The making of a presidential candidate

What makes a person think he or she should be president of the Philippines?  This question fascinates me because the way it is answered tells a lot about that person’s political values, or ideas of what is acceptable in politics.

Three probable candidates cite the surveys.  They say they will run because “the people” want them to run.  Another reluctant candidate admits he is just responding to the prodding of close friends and influential associates who have all offered to support his candidacy. At least two politicians want the presidency because, having occupied important positions in government, they assume they ought to be in the political line of succession.  Still others cite their long record of public service, or their supposed achievements as technocrats as attested to by local and international magazines.

We have a more or less clear idea here of what our leading politicians think the presidency is all about.  They either think it’s about sheer popularity, or familiarity with government, or political seniority, or technical competence, or simple “winnability”.   We seldom hear of presidentiables providing a warrant for their ambition by referring to a long process of leadership selection.

Genuine leaders emerge from the unceasing contest of strength and intellect in the national life.  They are leaders because their active engagement in public life has allowed them to define a clear and consistent view of the present course of the nation and its future directions.  They are leaders because they have managed to develop a real constituency for the ideas they champion.

Elections do not make leaders.  They only serve as a confirmation process for leaders who have already asserted and proved themselves in the daily battles and debates over crucial issues.

Anointment by the incumbent, surveys, or endorsements by the media, or by a group of moneyed backers likewise do not make leaders.  They may thrust some individuals to public attention, and give them the illusion of self-importance, but they do not confer upon them the kind of mettle which a leader exemplifies and hones through long struggle.

A leader inspires confidence, optimism, pride, and a readiness to contribute to the realization of common purposes.  The original meaning of “charisma” is lost when we describe as “charismatic” individuals who are simply popular.  “Charisma” means a gift of grace, a set of qualities highly valued and relied upon by the community.

Unfortunately, the word has been appropriated by all kinds of adventurers – charlatans who peddle instant prosperity, cultists who mesmerize people with their utopias, and politicians and their imagemakers who cynically prey upon the ignorance of citizens.   Today, the making of a leader is perceived to be no different from the launching of a new product.  The thin line that separates illusion from reality is bridged by the clever deployment of words and images.

“Simulation” is how Nietzsche once called it – “the means by which the weaker, less robust individuals preserve themselves, since they are denied the chance of waging the struggle for existence with horns or the fangs of beasts of prey…. deception, flattery, lying and cheating, talking behind the back, posing, living in borrowed splendor, being masked, the disguise of convention, acting a role before others and before oneself – in short the constant fluttering  around the single flame of vanity…”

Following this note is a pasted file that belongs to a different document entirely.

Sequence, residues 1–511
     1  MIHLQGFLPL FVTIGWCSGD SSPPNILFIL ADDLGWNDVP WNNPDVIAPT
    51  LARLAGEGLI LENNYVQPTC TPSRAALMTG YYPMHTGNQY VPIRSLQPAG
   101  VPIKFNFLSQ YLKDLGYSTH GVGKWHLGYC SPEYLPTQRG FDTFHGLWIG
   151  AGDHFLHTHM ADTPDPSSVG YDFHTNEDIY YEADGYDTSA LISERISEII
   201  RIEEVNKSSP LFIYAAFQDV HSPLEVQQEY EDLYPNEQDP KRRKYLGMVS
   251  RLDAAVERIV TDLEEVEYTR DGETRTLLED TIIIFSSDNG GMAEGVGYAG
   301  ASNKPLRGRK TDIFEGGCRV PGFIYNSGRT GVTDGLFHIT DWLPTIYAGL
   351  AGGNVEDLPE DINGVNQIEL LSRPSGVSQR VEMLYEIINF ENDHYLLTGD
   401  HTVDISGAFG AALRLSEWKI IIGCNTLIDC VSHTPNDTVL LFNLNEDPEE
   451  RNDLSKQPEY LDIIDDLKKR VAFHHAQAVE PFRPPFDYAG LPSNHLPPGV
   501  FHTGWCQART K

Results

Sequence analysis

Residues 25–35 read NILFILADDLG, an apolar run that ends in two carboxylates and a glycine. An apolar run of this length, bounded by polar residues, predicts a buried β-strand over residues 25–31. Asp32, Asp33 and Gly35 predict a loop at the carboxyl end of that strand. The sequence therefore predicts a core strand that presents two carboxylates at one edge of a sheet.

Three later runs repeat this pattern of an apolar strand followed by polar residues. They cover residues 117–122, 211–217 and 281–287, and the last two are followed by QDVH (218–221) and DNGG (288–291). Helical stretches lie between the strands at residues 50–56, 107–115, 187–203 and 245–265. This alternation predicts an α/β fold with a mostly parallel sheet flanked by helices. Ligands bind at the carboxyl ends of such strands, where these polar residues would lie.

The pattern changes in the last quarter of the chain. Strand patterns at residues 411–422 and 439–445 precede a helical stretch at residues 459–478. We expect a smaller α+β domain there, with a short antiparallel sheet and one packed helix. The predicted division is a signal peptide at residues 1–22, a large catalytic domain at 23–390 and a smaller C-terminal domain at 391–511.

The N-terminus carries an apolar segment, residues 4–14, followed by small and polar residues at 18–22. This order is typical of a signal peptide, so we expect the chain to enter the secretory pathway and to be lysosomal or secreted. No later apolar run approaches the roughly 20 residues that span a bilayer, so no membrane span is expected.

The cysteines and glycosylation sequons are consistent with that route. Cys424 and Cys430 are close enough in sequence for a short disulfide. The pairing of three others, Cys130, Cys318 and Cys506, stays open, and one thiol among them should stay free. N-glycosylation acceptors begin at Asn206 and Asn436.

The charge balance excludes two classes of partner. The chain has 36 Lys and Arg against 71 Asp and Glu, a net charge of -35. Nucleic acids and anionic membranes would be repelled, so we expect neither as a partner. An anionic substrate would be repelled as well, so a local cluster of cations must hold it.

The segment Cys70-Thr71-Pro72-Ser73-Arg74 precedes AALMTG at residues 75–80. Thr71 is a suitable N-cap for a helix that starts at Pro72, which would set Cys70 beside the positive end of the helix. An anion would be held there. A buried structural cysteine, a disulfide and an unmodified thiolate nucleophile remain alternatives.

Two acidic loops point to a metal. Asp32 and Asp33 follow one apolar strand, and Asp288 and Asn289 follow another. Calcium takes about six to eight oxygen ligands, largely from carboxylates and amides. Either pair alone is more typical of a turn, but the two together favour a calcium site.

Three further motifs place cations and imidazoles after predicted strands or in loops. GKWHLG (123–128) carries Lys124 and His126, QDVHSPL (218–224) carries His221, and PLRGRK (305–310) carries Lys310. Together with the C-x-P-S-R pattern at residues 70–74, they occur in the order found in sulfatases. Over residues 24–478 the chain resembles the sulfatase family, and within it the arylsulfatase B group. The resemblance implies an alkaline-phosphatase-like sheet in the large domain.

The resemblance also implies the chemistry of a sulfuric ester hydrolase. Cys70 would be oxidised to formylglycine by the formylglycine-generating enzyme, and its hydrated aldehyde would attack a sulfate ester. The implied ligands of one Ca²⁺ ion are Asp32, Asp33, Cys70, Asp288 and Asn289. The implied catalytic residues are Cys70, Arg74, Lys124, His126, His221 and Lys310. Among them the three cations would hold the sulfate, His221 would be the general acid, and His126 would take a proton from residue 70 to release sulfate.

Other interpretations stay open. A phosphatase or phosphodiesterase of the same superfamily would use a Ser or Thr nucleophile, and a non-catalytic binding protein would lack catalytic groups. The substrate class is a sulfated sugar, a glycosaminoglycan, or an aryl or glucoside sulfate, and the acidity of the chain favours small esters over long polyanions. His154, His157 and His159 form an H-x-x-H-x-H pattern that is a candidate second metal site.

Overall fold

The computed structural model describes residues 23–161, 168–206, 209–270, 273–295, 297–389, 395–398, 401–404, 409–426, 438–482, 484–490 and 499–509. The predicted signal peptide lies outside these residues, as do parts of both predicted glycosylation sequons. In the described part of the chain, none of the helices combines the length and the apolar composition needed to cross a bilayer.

What is interesting, if it were not so tragic, is how the free media abet this wholesale mendacity.  Instead of offering a different vocabulary by which to evaluate the self-promoting language of the politically ambitious, they often allow themselves to become its purveyors.  It is bad enough that anyone should think this early of selling newspapers or gaining a broadcast audience by filling the air with names for the 1998 presidential election.  It is worse when media fail to remind the public of what it should be looking for.

It is premature, some people may say, to be talking of issues.  But how else, if we wish to be in control of our fate,  should we be choosing our leaders if not by their appreciation of issues?  I believe that for anyone to presume that he/she could be the president of our country is also to believe that he/she may have imaginative answers to 10 crucial questions of our time.

First, the issue of revenue-generation.  How do you perceive the role of taxation in relation to borrowing, privatization, and other schemes now being employed?  Second, the issue of social services.  Which services, and to what extent, should the state assume as its main responsibility and priority?  Third, what is your strategy for sustained economic development.  Fourth, what is your approach for ending mass poverty?  Fifth, what is your vision for Philippine education? Sixth, how do you intend to end corruption?  Seventh, how will you fight crime and raise the quality of the justice system?  Eighth, how will you make decentralization and local initiative work in our country? Ninth, how will you ensure the further democratization of our society? And finally, how will you stop the further degradation of the environment?

I raise these issues here as an open questionnaire for those who think of themselves as serious contenders for the presidency.  As soon as I hear from them or read their vision, I shall use this column to describe and examine their position and record on this broad range of issues in the interest of political literacy.


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